Pat Perez Hits On Exactly Why the Saudi Golf Offers Are So Attractive – Sports Illustrated

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Pat Perez finished tied for sixth last week at the Farmers Insurance Open.
Orlando Ramirez/USA Today
Pat Perez is not part of the pursuit, but he’s enjoyed watching the chase play out before him.
The PGA Tour veteran who is now in his 21st year admits that those charged with recruiting players for the LIV Golf Investments golf league are not necessarily looking at him.
Hence, he was not offered a spot in this week’s PIF Saudi International, the Asian Tour event that has attracted 21 of the top 50 players in the world including defending champion Dustin Johnson, Bryson DeChambeau and Phil Mickelson and caused some controversy as it required the players to seek releases from the PGA Tour in order to participate.
Coming off a tie for sixth at the Farmers Insurance Open, Perez, 45, is at Pebble Beach this week instead — and happy to be there. But he understands why a potential rival league being fronted by commissioner Greg Norman has garnered so much interest.
“I know what some of the guys have been offered, and sadly enough, it still seems light to me,’’ Perez said during an interview. “Now (the money being offered) is heavy. It’s a heavy number. I’d leave right here and go right to the car and anywhere in the world for that number. But it’s not going to happen. For a guy like me, it’s not going to happen.’’
Perez is fine with that. But he’s intrigued by what is going on around him. Undoubtedly those with LIV Golf Investments and Norman himself will be putting the full-court press on some of the top players in Saudi Arabia, trying to get them to come on board with guaranteed money to play a tour that is expected to have 54-hole events, team play and $20 million weekly purses.
And to Perez, the basketball analogy is fitting.
“I’m not saying this about me, I’m talking about the top players. They have an incredible year and they make $7 million on the course," he said. "That’s an incredible year. You know how well you have to play to make $7 million on the golf course? My best year (2017), I won, I got to the Tour Championship, I made $4.3 (million). That’s like 300th in major league baseball. And I finished 15th (in the final standings).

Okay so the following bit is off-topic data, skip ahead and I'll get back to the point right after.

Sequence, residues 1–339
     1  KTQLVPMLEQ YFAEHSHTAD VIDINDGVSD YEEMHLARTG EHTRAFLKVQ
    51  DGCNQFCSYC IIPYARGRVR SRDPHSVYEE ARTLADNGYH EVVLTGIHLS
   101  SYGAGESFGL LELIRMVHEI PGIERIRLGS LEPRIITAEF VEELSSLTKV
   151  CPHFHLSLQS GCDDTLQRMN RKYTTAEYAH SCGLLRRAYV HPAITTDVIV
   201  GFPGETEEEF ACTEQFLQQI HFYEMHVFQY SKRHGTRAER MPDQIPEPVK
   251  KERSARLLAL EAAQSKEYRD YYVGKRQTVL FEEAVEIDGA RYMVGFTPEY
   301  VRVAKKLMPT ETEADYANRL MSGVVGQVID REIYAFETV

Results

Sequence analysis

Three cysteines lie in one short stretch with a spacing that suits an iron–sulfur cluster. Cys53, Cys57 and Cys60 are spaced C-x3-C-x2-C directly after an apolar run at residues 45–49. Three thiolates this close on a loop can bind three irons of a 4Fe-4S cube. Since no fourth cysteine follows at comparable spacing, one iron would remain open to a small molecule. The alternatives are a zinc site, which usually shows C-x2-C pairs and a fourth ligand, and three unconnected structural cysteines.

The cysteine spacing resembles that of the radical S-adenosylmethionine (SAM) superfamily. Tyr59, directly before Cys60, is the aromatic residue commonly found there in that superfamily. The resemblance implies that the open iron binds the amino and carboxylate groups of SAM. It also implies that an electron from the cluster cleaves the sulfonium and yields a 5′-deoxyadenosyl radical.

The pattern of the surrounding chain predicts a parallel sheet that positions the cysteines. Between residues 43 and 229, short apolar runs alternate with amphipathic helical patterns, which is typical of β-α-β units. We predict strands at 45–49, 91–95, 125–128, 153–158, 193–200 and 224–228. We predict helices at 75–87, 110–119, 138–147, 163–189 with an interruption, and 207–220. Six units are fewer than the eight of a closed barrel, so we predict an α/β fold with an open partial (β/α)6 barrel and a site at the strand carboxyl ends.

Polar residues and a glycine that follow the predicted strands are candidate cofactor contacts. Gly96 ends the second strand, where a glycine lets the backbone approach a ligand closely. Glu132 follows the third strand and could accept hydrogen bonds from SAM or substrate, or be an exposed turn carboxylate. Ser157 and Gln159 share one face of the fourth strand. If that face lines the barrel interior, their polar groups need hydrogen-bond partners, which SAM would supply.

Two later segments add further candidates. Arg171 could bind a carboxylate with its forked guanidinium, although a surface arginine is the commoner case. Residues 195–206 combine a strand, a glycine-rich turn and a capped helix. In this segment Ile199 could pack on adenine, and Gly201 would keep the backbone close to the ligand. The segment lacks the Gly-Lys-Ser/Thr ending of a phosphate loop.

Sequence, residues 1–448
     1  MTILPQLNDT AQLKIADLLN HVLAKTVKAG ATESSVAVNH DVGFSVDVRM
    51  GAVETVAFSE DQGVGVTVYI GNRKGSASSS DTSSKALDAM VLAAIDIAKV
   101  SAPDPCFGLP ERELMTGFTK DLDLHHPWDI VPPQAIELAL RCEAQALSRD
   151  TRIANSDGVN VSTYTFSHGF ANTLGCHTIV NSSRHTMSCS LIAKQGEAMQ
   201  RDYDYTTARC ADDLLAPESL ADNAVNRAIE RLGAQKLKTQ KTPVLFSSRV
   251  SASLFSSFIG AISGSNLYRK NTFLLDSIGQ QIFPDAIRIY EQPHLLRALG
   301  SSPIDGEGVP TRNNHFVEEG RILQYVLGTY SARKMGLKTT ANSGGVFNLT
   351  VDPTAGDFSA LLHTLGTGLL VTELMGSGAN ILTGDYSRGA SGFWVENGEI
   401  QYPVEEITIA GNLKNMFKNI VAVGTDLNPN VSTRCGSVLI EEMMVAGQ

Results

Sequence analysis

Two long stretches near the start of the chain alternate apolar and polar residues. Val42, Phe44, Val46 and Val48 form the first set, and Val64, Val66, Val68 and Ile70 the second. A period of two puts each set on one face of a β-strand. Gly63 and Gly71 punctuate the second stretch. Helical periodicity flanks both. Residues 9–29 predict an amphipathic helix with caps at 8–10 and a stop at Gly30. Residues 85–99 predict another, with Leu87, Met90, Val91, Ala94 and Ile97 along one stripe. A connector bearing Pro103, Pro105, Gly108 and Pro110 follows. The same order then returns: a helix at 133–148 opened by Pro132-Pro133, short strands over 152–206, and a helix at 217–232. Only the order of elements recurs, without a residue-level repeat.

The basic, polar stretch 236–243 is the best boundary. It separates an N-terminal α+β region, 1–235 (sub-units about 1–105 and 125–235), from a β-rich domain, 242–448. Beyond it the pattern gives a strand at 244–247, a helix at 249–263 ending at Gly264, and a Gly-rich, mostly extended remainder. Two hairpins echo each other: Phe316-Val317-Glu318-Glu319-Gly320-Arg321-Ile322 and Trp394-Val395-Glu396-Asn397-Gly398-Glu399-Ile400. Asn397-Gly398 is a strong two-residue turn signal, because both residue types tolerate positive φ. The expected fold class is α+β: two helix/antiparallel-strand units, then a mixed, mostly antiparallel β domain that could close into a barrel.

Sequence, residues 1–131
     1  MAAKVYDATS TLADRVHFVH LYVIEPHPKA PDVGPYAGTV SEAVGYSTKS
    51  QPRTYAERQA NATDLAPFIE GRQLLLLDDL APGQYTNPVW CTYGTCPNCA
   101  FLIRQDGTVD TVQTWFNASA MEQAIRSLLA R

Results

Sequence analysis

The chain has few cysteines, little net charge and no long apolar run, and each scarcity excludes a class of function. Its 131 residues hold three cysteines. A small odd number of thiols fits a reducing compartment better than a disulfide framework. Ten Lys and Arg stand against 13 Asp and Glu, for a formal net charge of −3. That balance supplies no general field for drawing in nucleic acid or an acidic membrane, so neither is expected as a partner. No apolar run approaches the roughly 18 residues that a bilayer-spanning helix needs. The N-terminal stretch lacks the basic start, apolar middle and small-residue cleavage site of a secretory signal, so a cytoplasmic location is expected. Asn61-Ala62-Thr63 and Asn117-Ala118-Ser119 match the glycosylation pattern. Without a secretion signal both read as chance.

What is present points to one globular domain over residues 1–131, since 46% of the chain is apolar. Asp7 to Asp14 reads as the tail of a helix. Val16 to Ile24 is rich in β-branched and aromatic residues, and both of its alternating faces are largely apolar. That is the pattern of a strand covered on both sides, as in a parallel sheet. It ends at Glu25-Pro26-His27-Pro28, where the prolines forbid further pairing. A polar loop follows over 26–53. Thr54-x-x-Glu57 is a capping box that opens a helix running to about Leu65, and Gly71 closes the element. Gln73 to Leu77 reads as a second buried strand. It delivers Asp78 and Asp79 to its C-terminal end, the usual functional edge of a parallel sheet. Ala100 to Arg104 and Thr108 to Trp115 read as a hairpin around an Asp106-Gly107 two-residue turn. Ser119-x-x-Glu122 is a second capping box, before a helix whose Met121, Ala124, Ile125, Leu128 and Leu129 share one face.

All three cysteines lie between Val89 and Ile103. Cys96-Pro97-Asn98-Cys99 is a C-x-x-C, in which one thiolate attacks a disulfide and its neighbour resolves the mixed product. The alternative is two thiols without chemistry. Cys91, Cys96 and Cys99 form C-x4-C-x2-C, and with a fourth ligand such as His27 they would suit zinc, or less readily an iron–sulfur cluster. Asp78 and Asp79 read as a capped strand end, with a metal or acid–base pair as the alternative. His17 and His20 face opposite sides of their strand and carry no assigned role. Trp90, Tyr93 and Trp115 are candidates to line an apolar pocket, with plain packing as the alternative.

“Look at guys in the NBA. Some of them don’t even take their sweatpants off, don’t get in the games, and they are making way more than that.’’
While Perez might be accused of hyperbole, his overall point is valid: professional golfers have no on-course guarantees. They make what they earn, which to many in the sports world is part of the charm. And a star player, someone like Rahm or Johnson or Rory McIroy, might actually be underpaid when it comes to how well they perform. Rahm led the PGA Tour money list in 2020-21 with $7.7 million.
That’s why the Saudi-backed venture has legs. Forget that all these guys make mega-millions off the course. So, too, does Steph Curry, the Golden State Warriors star who averages $54 million a season in guaranteed salary.
Perez was not trying to equate the NBA to the PGA Tour, but when you consider that the stars in golf pay their own way and make a fraction of what players do in other sports, a league that comes along offering multi-millions just for showing up is getting attention.
For example. The (London) Telegraph reported Tuesday that England’s Ian Poulter has been offered between $20 and $30 million to sign. Reports of Mickelson and DeChambeau getting similar guaranteed deals have circulated.
And for all the riches the PGA Tour provides — lucrative purses every week, including $20 million at the Players Championship, the FedEx Cup bonus plan, an understated pension plan — it’s difficult to ignore the kind of money that is being floated by Norman and his associates.
“I ask everybody,’’ Perez said about the proposed new league. “I talk to everybody. I know who has been contacted and who hasn’t. It’s all interesting. There’s a ton of money but you are going to have to spend a lot of money to the right guys to get them to go. And if you do, you will give them a hell of a decision to make.’’
Sports Illustrated’s parent company, Authentic Brands Group, has a licensing and endorsement partnership with Greg Norman. ABG is not a party to this deal.
Bob Harig is a golf writer for Read and has previously covered the game for ESPN and the Tampa Bay Times. He holds degrees in journalism and history from Indiana University, where he was a proud Evans Scholar. He recently wrote a book called Tiger & Phil: Golf’s Most Fascinating Rivalry, which will be available in April. A past president and active member of the Golf Writers Association of America, Harig lives in Florida.